Writer and playwright Jack Thorne urged the television industry to do more for people with disabilities, saying it had “completely and utterly” failed them.
He also referred to the diagnosis of cholinergic urticaria at the age of 20, which makes people allergic to their own body heat, describing it as “chronic and very painful”.
Thorne, the winner of five Baftas, has written for television series including His Dark Materials, Kiri and The Virtues, and films including Enola Holmes, The Secret Garden and The Aeronauts.
The 42-year-old also wrote the screenplay for Harry Potter and the Cursed Child, Olivier and Tony’s award-winning play based on JK Rowling’s wizarding books.
While delivering the prestigious MacTaggart talk at this year’s Edinburgh TV Festival, which was held largely virtually due to the coronavirus pandemic, he went on to say that due to his own personal circumstances he has ” considered a vital part of my professional life to try and pursue the cause of the disabled ”.
But he admitted, “And in most cases, I failed. Mainly because of my own shortcomings. But also, because the world of television is against telling stories of disabled people with disabled talents. “
Thorne described disability as “the forgotten diversity, the one that everyone leaves out in speeches”.
He added: “Gender, race, sexuality, all are rightly discussed at length. The handicap is relegated. In conversations about representation, in action plans and planning for the new era, disability is confined to the corner, there remains an afterthought.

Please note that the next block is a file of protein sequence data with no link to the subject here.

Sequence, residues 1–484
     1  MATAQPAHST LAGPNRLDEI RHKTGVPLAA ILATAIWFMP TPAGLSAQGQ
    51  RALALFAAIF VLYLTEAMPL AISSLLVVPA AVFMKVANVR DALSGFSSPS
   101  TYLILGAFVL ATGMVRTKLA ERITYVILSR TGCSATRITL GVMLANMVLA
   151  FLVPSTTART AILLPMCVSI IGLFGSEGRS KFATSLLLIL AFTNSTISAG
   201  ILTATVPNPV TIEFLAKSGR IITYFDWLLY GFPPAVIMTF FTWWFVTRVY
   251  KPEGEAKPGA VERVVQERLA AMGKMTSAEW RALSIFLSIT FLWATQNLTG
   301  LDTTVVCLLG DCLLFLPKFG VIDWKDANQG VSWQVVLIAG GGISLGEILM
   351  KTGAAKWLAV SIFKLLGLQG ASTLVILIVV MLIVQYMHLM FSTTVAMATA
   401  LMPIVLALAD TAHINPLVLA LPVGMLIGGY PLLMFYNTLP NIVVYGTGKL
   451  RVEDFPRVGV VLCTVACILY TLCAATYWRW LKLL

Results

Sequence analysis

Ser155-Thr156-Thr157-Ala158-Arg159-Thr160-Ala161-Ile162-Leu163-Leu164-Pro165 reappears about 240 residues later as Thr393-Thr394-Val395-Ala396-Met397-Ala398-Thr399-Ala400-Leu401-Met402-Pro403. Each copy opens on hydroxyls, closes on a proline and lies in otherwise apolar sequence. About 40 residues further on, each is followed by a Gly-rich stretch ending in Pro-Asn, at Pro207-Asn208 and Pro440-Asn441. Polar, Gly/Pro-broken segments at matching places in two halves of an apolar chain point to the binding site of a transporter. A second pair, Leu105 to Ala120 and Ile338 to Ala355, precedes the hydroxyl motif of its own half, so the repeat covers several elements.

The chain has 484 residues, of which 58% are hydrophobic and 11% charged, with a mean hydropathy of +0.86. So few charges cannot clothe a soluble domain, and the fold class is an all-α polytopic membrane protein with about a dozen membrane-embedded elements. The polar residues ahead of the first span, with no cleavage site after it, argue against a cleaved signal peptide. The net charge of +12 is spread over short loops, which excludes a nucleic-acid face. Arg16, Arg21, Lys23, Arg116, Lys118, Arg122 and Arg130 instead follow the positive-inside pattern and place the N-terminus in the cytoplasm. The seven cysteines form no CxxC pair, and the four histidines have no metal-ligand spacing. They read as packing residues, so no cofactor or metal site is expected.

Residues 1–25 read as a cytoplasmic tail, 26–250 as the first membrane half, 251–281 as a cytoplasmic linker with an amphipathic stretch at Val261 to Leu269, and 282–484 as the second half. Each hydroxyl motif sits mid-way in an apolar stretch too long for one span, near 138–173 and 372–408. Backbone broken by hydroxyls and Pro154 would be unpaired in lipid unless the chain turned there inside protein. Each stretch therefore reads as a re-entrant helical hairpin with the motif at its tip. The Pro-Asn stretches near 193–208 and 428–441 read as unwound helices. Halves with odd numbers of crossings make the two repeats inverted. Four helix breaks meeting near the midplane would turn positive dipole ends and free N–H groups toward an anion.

“The actors – actors I admire – took on roles they shouldn’t have had; I have been complicit in some of these decisions. The producers ignored the disabled writers.
“The commissioners did not take the opportunity to tell disabled stories. There are very few disabled people in front of the camera, let alone behind.
“Television has let people with disabilities down. Totally and totally.
Addressing ways the industry needs to improve, Thorne urged TV commissioners to hire people with disabilities to tell their own stories.
He also highlighted the impact of the pandemic on people with disabilities, adding: “It has, of course, been a cruel year. Just like last year has been a cruel year. We have all lost so much.
“And, personally, I think the biggest thing we lost was a little bit of humanity. Because this year has been a year of ableism unlike any I have seen before. It was a year when many people with disabilities died.
He said the term underlying health problem, used to describe those most clinically vulnerable to coronavirus, has helped people come to terms with “this unnecessary death” and the “ridiculous idea” that there is. has “two rows of deaths, those that people should be worried about – those who are ‘healthy’ – and those who are not.”
Thorne follows in the footsteps of Rupert Murdoch, Armando Iannucci and Michaela Coel in giving the talk.